Maybe. I'm looking for funny and laughter. Can't find much to laugh about doing cancer.
Am still looking.
No real problem with narrator. Material just not that funny.
Actually, I liked "1000 Years of Laughter" better, and it started with monk's riddles.
I liked his descriptions of people. He broought them to life. I liked the discussions of current technology. I'm an amature tech person even though I'm nearer 80 than 70. Can Google really do all that stuff? AND driverless cars. It's a new world.
I was a journalism major a half century ago. I once worked in a newspaper with a flatbed press. I have hand set type. The author brings together the publishing world of the 16th century and the 21st century in a fun way,.
There are different voices for different characters. Great fun.
There were lots of moments that I just had to hear the next chapter.
I rarely listen to fiction-except very old classics. I bumbled into this one--it was probably one of those two for one sales, And I loved it. I have recommended it to several people, I was so taken in that I Googled the name of a company that turned out to be part of the author's fantasy. Apparently a lot of the readers did just what I did. The author drew me into his created world and convinced me it was real.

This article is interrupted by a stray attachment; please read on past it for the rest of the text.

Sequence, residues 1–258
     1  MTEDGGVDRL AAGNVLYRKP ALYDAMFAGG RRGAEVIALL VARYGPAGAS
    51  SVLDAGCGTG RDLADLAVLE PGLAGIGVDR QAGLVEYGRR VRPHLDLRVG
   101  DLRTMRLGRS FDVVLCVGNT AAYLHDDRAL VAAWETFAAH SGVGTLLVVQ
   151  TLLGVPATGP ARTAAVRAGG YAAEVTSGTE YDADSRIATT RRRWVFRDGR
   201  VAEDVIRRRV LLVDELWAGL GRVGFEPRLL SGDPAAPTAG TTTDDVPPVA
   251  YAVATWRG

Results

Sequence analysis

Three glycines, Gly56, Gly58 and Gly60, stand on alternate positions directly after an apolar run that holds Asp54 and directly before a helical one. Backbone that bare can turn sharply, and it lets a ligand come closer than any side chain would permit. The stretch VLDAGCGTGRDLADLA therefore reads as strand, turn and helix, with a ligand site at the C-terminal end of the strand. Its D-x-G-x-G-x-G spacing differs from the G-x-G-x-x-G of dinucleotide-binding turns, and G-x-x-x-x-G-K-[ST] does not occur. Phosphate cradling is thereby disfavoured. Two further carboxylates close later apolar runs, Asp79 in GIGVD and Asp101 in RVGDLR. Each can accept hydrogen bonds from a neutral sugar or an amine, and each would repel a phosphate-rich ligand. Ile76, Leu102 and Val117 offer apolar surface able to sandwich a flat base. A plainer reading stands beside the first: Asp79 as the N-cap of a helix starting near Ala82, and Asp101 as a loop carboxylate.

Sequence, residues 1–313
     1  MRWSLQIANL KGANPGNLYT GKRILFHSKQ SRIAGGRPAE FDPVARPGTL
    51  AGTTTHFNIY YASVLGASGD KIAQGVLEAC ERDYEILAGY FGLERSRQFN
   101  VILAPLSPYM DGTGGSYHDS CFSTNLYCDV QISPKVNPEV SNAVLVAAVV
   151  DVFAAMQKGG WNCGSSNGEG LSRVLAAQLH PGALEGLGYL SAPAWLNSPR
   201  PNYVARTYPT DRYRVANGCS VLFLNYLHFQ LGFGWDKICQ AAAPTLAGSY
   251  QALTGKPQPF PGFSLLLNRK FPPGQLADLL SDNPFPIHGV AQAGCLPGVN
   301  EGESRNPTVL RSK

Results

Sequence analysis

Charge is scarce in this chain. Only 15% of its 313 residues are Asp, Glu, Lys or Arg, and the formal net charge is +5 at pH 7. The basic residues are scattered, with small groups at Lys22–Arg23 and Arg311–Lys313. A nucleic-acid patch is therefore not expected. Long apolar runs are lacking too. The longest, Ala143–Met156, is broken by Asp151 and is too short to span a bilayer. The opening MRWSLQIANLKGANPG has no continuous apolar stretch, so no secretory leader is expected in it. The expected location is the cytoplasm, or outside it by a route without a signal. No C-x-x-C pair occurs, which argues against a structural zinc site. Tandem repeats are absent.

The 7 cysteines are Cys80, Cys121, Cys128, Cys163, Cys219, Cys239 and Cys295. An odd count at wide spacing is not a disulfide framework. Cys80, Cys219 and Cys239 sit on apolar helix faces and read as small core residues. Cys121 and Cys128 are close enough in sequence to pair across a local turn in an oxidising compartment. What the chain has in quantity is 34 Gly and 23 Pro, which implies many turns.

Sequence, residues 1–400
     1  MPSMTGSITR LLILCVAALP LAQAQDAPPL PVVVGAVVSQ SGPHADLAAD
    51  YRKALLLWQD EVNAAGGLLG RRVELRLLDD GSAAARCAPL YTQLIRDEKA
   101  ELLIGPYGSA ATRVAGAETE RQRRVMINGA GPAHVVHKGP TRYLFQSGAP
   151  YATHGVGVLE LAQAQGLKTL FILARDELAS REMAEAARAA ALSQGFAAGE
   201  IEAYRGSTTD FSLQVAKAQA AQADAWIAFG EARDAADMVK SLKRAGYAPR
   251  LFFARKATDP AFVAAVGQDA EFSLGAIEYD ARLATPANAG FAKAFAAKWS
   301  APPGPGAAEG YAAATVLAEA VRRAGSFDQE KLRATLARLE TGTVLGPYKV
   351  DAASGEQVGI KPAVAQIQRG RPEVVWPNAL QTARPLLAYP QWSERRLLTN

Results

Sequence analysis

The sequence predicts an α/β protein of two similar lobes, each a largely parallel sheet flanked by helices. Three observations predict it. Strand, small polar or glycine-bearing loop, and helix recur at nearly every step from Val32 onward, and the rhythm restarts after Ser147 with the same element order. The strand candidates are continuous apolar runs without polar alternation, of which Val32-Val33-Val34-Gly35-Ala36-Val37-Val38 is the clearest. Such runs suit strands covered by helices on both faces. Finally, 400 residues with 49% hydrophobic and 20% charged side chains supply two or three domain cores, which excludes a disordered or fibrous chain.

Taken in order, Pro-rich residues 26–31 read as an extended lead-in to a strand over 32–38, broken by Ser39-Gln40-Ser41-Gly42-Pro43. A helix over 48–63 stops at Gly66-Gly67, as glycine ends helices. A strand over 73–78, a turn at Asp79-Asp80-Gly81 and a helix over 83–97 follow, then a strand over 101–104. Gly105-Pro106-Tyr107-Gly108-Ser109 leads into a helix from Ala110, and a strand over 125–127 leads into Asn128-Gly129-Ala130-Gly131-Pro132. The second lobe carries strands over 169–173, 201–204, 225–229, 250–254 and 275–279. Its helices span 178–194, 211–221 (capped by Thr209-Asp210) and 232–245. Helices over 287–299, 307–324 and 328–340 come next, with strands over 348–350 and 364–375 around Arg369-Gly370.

Joy! Joy! Joy!
I did love the collected Stories Of William Faulkner, which is longer, but this is more fun. This was my first Great Course, but it won't be my last.
He is so exuberant, so talented, and so full of interesting tidbits about the composers who wrote the great American Music that I was devastated when I realized that I had heard it all so many times that I know what comes next. I just wish he would do one now on British Theatre. I couldn't wait to tell friends what fun the course is, and to give a copy to a close friend who loves music.